I grew up not only in what ecologists call “the urban-wildland interface” (or, as people usually refer to it, rural northern California), but with nature documentaries. I realize that seems counterintuitive to anyone from the concrete jungle that I could open my door in the Sierra Nevada and not be inundated with wildlife (and, to be fair, there were way too many Mule Deer, and it wasn’t at all uncommon to spot golden eagles), but, the awful truth is, even in sparsely-populated places, most animals that go anywhere near humans or human dwellings were deselected generations ago, so, if you want a really wild experience, you have to trek through the backcountry for days — weeks, if you’re looking for something rare.

If the thought of hypothermia, 50-lb ruck-sacks, sleeping on rocks, or being mauled by cougars (the distinctively unsexy kind) is off-putting, you’re stuck waiting for whatever wanders through your yard (squirrels and song-birds, mostly), and Nature documentaries. I mean that as an actual brand; “Nature” is the long-running PBS series that used to air on Sunday nights, and one of the few non-screaming family memories of growing up is watching that show. Every Friday, 1997–1998 (seventh grade), my biology class would get to watch Wild America, which was characterized by both amazing wildlife footage, and the world’s most uninspired host; Marty Stouffer. I realize it’s a bit unkind to critique a man who directly impacted my ill-fated education in the life sciences, but the man was basically Bob Ross with a Qaalude overdose. “Calm, friendly, and relaxing” are excellent descriptors for someone painting landscapes; they aren’t really what you want in a narrator when the camera zooms in on those landscapes to show you wild animals devouring one another. If Marlin Perkins was guilty of creating false drama by going and molesting the animals on film; Marty gets points deducted for making a rattlesnake devouring a frog seem prosaic and serene.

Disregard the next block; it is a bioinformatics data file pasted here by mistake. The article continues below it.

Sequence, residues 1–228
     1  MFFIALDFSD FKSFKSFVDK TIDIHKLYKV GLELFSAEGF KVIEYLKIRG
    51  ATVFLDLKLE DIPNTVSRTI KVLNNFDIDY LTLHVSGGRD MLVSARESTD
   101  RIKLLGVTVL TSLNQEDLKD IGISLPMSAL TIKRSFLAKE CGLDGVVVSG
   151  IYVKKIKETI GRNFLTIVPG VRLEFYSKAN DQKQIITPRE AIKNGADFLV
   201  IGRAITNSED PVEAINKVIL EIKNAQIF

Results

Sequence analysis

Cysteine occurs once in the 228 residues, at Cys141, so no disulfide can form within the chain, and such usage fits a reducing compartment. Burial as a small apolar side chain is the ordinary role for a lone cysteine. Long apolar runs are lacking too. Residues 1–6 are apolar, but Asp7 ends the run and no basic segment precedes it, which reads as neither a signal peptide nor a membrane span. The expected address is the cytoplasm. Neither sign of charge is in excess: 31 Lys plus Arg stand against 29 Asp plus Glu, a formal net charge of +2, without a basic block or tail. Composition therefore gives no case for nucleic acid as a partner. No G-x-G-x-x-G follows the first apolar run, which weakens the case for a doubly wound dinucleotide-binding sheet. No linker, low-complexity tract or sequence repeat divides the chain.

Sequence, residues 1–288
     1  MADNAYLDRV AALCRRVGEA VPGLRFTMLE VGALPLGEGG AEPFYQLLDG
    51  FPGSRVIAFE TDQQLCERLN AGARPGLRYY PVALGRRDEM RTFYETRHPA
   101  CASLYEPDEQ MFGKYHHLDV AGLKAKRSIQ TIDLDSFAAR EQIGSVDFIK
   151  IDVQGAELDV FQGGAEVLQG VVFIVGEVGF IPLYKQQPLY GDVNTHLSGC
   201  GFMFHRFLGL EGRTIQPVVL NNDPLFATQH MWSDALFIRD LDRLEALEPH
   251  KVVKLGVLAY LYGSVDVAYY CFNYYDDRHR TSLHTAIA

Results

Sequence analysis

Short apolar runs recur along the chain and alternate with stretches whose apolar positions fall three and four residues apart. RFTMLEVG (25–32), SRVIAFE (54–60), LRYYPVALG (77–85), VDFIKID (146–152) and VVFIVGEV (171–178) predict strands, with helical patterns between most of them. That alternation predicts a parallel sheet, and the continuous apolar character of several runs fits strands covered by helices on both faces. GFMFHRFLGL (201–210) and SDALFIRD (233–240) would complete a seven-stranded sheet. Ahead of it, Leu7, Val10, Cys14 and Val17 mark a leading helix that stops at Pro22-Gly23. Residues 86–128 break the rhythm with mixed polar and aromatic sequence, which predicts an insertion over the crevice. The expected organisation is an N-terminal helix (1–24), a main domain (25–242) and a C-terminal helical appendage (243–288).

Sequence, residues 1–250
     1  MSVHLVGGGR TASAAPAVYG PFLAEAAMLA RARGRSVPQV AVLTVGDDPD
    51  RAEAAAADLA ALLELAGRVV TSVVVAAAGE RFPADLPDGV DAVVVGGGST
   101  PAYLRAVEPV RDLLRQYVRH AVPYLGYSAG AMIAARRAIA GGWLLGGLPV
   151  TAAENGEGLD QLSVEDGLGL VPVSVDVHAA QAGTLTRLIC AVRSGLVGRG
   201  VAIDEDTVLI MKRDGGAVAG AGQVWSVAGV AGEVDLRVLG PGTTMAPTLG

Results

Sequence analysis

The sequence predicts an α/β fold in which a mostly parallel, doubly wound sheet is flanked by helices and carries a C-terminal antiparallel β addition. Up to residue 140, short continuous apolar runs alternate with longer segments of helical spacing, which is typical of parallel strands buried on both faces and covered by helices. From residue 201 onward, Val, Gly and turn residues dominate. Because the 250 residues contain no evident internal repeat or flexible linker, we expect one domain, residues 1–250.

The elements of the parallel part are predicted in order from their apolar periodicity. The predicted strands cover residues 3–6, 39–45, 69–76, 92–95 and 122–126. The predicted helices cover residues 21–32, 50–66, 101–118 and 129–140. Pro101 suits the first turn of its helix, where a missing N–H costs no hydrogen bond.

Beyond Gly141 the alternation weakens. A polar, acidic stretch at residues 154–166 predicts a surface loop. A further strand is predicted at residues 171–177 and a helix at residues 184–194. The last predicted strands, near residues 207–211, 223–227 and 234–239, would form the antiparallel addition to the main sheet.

Of course, I was also keenly aware of The Great One, David Attenborough. And, in high school, I started doing research on the greatest wildlife documentarian ever born, Jacques Cousteau. You’re probably aware that Cousteau was an advocate for ocean conservation, but you’re probably not aware that career shift didn’t come until relatively late in his career, when he’d been around long enough to see the havoc wreaked by humans on the Mediterranean. And I totally understand that — when you see a place you loved and grew up in being casually destroyed not through willfulness or greed, but through negligence and stupidity, it kind of gets to you (I mean, no one wants to see wild animals go extinct, but I think most of us understand the idea of deliberately hunting an animal to extinction — again, it’s tragic, but there’s an element of human decision, and human benefit — someone’s going to make money on that rhino horn — involved in that action that’s absent when, say, you use the Mediterranean as a casual sewage dumping ground because a new septic system for Morocco or Gibralter would be expensive, and, hey, no one’s using that ocean).